Smoke from Canadian wildfires covers Iowa, the Midwest in haze

The smoke, which had already hit the Eastern U.S., first arrived in Iowa on Tuesday, proceeding to cover the state with a haze that is unprecedented.


Cody Blissett

The Iowa River is seen in Iowa City on Tuesday, June 27, 2023.

Alejandro Rojas, Summer Editor

Iowans encountered a hazy surprise on Tuesday, June 27 when smoke from the ongoing wildfires in Canada began spreading around the Midwest.

In what has been dubbed the “worst wildfire season” in Canadian history, fires that broke out in the U.S.’s northern neighbor have since covered the U.S. in smoke that has broken records due to its harmful effects on air quality. The smoke has also led states on the east coast to see an orange haze in the sky.

While the smoke hasn’t had the same visual effect in Iowa, it has negatively impacted the air quality. A news release from the Iowa Department of Natural Resources Tuesday morning was the first air quality alert.

In it, the DNR wrote that particulates in the air were at a level that the Environmental Protection Agency considers unhealthy. The DNR recommended that people should reduce or avoid strenuous outdoor physical activity and take more breaks if choosing to work out.

Todd Russell, an Iowa DNR environmental specialist with the air quality bureau, said the smoke is unlike anything he had experienced in his time with the DNR.

“I’ve been doing this for 24 years and this is fairly historic. We have seen levels similar to this before, but historically they were always in conjunction with either a local fire, prescribed burn, or possibly fireworks on the Fourth of July,” Russell said. “What we’re seeing now is levels similar to those levels pretty much statewide. So this is a fairly historic event.”

Russell said that Iowa normally has good air quality, with it sometimes reaching moderate levels. He added that unhealthy levels normally meant the air posed a risk for sensitive groups, namely the elderly, people with asthma, and young children.

But in this case, the air quality level was sufficiently poor enough that it posed a health concern even for healthy adults and reiterated the department’s suggestion to avoid strenuous activity. According to AirNow, a government website that has information about air quality around the country, Iowa had an air quality of 191 out of 500, which is classified as unhealthy.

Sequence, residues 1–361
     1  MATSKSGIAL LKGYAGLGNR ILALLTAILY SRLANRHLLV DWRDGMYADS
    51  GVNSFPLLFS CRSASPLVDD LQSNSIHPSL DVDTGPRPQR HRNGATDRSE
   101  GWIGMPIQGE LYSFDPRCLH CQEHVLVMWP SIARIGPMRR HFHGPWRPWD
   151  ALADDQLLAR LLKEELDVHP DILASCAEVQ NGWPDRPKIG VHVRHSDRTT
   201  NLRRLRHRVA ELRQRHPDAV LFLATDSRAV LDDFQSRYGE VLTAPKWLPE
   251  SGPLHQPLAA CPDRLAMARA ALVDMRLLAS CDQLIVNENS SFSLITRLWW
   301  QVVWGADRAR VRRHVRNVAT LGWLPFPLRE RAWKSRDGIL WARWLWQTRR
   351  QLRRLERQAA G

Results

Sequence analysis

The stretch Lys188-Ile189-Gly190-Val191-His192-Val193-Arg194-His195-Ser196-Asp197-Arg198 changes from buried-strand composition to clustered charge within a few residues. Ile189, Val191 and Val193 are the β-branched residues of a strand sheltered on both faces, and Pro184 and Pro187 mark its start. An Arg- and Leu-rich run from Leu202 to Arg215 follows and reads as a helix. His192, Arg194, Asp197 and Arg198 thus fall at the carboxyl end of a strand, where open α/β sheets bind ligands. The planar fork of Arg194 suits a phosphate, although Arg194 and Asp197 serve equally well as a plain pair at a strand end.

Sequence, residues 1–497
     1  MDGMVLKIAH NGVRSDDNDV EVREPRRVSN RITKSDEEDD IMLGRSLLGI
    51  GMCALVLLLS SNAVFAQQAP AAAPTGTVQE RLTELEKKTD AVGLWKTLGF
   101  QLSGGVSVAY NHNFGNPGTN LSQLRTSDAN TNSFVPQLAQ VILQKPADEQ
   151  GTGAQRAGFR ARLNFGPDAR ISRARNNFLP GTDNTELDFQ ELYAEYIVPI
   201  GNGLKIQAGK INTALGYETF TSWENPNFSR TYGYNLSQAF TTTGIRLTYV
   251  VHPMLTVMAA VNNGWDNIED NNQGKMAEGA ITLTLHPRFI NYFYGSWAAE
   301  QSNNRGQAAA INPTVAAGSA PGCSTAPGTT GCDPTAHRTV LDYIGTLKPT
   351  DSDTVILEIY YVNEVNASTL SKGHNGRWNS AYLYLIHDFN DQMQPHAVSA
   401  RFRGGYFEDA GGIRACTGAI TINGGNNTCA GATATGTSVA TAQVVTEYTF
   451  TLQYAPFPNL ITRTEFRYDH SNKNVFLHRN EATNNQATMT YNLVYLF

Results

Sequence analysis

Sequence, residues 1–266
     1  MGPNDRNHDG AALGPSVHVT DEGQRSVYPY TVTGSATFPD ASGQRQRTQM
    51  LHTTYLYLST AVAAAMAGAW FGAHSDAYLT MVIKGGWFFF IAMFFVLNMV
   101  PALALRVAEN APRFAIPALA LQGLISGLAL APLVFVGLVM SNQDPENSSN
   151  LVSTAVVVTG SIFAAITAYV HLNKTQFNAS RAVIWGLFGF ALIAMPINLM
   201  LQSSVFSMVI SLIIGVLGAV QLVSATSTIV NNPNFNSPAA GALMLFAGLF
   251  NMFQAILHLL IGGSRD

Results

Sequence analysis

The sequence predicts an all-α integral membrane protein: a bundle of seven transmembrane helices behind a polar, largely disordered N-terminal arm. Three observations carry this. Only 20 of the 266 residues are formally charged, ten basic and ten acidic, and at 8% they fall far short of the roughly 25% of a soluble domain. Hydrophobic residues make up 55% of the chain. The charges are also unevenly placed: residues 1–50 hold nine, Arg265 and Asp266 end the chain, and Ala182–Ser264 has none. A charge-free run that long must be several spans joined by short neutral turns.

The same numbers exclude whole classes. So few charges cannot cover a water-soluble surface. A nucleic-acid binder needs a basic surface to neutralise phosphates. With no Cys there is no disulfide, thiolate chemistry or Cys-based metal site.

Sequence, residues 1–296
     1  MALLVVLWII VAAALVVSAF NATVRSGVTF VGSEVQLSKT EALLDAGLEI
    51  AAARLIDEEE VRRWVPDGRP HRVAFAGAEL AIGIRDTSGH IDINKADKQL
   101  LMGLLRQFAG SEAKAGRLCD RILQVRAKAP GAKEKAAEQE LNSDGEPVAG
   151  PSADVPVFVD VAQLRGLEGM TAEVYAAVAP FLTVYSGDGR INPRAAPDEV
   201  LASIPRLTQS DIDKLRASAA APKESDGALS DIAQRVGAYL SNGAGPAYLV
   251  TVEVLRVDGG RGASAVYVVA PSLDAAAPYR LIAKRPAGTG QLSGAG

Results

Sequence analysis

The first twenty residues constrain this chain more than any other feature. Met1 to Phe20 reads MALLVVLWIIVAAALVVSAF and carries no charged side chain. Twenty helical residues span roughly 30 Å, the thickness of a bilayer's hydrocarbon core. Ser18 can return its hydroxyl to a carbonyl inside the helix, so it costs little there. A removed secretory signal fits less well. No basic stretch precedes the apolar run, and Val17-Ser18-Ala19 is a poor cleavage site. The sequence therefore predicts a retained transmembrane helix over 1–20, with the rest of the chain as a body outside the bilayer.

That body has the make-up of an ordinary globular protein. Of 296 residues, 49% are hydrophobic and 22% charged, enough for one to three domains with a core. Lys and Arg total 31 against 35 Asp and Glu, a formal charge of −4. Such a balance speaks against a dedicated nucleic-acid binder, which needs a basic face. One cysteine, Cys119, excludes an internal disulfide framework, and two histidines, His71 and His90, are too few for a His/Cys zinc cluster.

Some eastern cities in Iowa, had even higher numbers, such as Dubuque which was rated as 207, classified as very unhealthy.

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Russell said the DNR had been tracking the smoke for a while, but had no idea the smoke would be as bad as it was. As for when the smoke might begin to clear, Russell said it potentially would begin clearing Thursday afternoon through Friday, but that more could come next week.

“It will be a possibility until those fires are under control. And next week, we may have the double pleasure of breathing in firework smoke as well as wildfire smoke from Canada at the same time,” Russell said.

As for what residents should do, it’s a matter of preference, said Sam Jarvis, community health manager at Johnson County Public Health.

“It’s really up to the individual’s health and so, as mentioned, for those who are at serious [risk], or maybe they’re already experiencing those, it may be best to avoid outdoor activities if they can, certainly recreational type of things,” Jarvis said. “For those who are wondering about face masks, I know that the EPA would note that the N95 would be best, if possible, because it’s built for that very thing.”

He also recommended residents monitor the air quality index and to avoid outdoor activities if at risk of, or sensitive to the air quality.

In response to the health risks of the smoke, some are already canceling or moving outdoor events indoors. This includes the Iowa Wildlife Camps, which moved its programming indoors on Wednesday, said Ellen Carman, the program’s director.

“We did make the decision today that we needed to, in some cases, move programming inside where we could do that,” Carman said. “We just made that decision based on the guidance we had available to us from our environmental health and safety folks and their recommendations to protect our campers really their welfare and safety.”

She said the program, which serves pre-K to 12th grade, would resume normal operations once it received expert guidance to do so.

“We’re definitely taking it day by day and just kind of watching ‘How are the levels changing and how is the air quality in our community changing?’” she said.

Similar decisions are being made by the City of Iowa City, as it announced Wednesday it would be closing City Park Pool due to the smoke, and would keep the pool closed Thursday. Iowa City also closed City Park’s baseball fields, with games scheduled for the fields canceled.